The 100 Most Important People in Your Company
July 18, 2012 Editor 0
For any business to thrive, it needs its core group of people—the ones whose capabilities are most critical to success—to be highly engaged in pursuing a common vision of success. For as long as anyone can remember, the top management team has been seen as this critical group, and the way to achieve the “mind meld” has been through executive off-sites. Though the specifics vary from one company to the next, these corporate leadership retreats are a combination of social bonding and behind-closed-doors discussion of strategy.
Today, however, CEOs need to connect not only with their most senior managers, but with broader groups of their companies’ most influential and productive people. To provide effective leadership, they shouldn’t be stealing off to small, secretive conclaves. CEOs should find ways to engage their “Critical 100.”
This group has always existed in every organization, but only recently have a few leaders begun to see the advantages of deliberately tapping it as a network. Whether it’s 100 or, in a smaller organization, more like 50, these are the people scattered across the company who are especially attuned to emerging challenges and capable of driving positive change. They might be managers, product experts, innovators, or code writers. But regardless of title, they are highly influential, connected, and respected. Since they are the people who can get things done, a CEO hoping to spur growth must mobilize them. (And as Anne Mulcahy, retired CEO of Xerox, has noted, “People need to feel meaningfully connected to the business in roles where they make a difference.”) At the same time, the Critical 100 are an invaluable source of input to decision-making. They have more direct experience of trends and business forces going on in the outside world, and ground-level awareness of what is actually happening in the business. The CEO needs their insights to read the mood of the company, to find the clogs in the decision flows in the organization, and to know what the people who are closest to the customer worry about most.
To begin leveraging the Critical 100 better, the first step is to be explicit about who exactly they are. At a recent meeting of G100 Talent Academy, Stephen Miles urged members to “find the Yodas” in their ranks: the masters of the informal agenda who know how the place works and are the “glue” holding the organization together. Who earns that designation? Perhaps the best first pass at an answer is for the CEO’s direct reports to each nominate around 10 people. Then, the CEO cuts through the politics to curate the right list, and begins investing the time to build those relationships. Yes, this is a commitment of scarce time, but as NCR Chairman and CEO Bill Nuti says, “if you don’t have ten hours a quarter to invest in your top people, you’re in the wrong job.”
The second step is to turn the Critical 100 into a brainstorming and management tool. As the CEO speaks to all invitees personally, a large part of the conversation should be seeking their input and creativity on the most significant challenges that the business will face in the next 18 to 24 months. Three times per year, the group should be assembled to focus together on specific initiatives. In these meetings, discussions should not be limited to strategic goals; they should also candidly confront the bureaucratic, political, and cultural obstacles that might prevent the organization from embracing changes. “I can get anyone intellectually engaged in what we are doing,” Nuti has observed. “I want them from the ‘neck down’—I want their hearts.”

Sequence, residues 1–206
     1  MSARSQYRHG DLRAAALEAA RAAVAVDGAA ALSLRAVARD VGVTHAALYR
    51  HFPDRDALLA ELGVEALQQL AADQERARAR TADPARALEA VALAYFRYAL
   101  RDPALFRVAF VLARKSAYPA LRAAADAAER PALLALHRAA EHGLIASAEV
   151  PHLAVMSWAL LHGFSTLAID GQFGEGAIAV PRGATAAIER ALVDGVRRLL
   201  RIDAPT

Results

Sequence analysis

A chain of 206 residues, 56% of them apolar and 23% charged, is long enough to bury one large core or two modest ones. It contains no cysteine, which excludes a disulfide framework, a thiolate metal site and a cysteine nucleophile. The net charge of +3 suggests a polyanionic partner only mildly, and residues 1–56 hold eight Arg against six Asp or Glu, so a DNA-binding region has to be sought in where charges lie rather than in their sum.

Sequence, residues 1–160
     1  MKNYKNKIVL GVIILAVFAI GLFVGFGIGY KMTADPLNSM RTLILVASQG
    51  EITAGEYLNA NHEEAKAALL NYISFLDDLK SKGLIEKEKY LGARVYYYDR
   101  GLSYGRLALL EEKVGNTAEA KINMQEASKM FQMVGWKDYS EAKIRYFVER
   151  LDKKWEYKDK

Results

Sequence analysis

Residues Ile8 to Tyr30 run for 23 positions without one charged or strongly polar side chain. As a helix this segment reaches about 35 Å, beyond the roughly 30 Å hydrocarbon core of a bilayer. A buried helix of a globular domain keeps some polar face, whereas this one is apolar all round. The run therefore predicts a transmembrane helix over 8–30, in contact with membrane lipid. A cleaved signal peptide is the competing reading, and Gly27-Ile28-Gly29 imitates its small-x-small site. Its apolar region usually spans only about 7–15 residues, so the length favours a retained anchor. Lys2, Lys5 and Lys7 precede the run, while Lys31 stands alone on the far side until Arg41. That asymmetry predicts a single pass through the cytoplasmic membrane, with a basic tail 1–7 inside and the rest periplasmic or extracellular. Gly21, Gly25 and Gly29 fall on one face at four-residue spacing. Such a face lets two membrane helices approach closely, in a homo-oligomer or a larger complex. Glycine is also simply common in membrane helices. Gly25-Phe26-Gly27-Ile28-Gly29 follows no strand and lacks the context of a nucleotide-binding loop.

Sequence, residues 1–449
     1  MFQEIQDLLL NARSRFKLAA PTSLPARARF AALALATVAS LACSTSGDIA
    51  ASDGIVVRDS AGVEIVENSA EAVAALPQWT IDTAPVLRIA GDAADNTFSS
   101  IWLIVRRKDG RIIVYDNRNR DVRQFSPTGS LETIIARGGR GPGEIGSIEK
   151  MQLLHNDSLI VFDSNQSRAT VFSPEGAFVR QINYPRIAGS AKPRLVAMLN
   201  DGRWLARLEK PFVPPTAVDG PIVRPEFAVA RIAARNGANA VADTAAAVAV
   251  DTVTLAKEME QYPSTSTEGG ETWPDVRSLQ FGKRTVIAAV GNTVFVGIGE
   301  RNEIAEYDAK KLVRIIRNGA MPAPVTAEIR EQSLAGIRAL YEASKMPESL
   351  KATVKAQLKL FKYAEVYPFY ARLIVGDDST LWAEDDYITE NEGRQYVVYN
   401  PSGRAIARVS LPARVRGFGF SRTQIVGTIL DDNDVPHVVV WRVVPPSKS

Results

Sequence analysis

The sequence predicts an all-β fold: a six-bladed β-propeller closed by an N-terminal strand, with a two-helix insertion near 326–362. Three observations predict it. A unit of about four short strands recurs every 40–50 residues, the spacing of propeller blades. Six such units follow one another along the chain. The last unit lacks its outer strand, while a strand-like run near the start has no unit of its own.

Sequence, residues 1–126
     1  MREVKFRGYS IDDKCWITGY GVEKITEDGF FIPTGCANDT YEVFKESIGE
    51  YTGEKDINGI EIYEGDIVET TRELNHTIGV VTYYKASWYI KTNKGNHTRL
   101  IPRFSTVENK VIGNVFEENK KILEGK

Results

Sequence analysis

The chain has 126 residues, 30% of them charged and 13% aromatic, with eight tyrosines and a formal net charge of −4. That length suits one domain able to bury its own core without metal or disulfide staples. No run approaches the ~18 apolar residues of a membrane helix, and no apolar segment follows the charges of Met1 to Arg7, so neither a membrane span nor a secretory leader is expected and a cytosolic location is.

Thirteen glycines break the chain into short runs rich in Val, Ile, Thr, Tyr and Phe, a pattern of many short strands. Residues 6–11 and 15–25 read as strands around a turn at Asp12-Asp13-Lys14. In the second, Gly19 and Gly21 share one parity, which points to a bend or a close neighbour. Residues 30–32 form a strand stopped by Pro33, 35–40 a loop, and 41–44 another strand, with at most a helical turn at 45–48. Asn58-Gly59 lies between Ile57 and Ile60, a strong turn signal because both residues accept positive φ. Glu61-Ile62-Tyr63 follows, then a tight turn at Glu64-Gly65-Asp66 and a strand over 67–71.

Under Steve Jobs, Apple held regular meetings of its Critical 100 to address strategic opportunities and obstacles. While Jobs was on the right track, the downside of the process was its secrecy. To the broader organization, the composition of the group was as mysterious as the matters under discussion. For most companies, such a lack of transparency could engender crippling levels of resentment. Imagine, for example that a highly motivated engineer or product specialist is invited to participate but his or her boss is not. In a thoughtfully composed Critical 100 group, this will often be the case. Thus, it might well be true that the agendas for meetings should be kept confidential, but the selection of the members must be transparent, and the outcomes from the meeting must be shared openly at all levels of the organization.
This leads to the third step in cultivating a Critical 100 network: ensuring its ongoing evolution. Much of its purpose is to help the CEO and senior team keep a finger on the pulse of the organization and the external pressures on the business. No one can afford to let their Critical 100 get stale. The CEO should be an activist manager of the group, targeting a turnover of roughly 25% each year. There need be no shame in cycling out of the group. Changing membership should reflect rising and falling challenges. Of course, returning members will have their value to the organization affirmed, and continue to enjoy an unparalleled opportunity to learn and grow from the network—probably more than they could by simply being promoted up the corporate ladder.
Done right, the Critical 100 is never in danger of becoming an insider’s club. A good CEO will make membership in it an aspiration for every employee. Between its rolling invitation list, and the habit of sharing what was discussed across the organization, the Critical 100 can be a source of motivation broadly.
Talent, as every leader knows, is the most essential ingredient of business success—and no company can prosper by engaging the best thinking and efforts of only a small, elite group. But because no leader of a large enterprise can develop a personal relationship with everyone in it, the right group to start with is the Critical 100.
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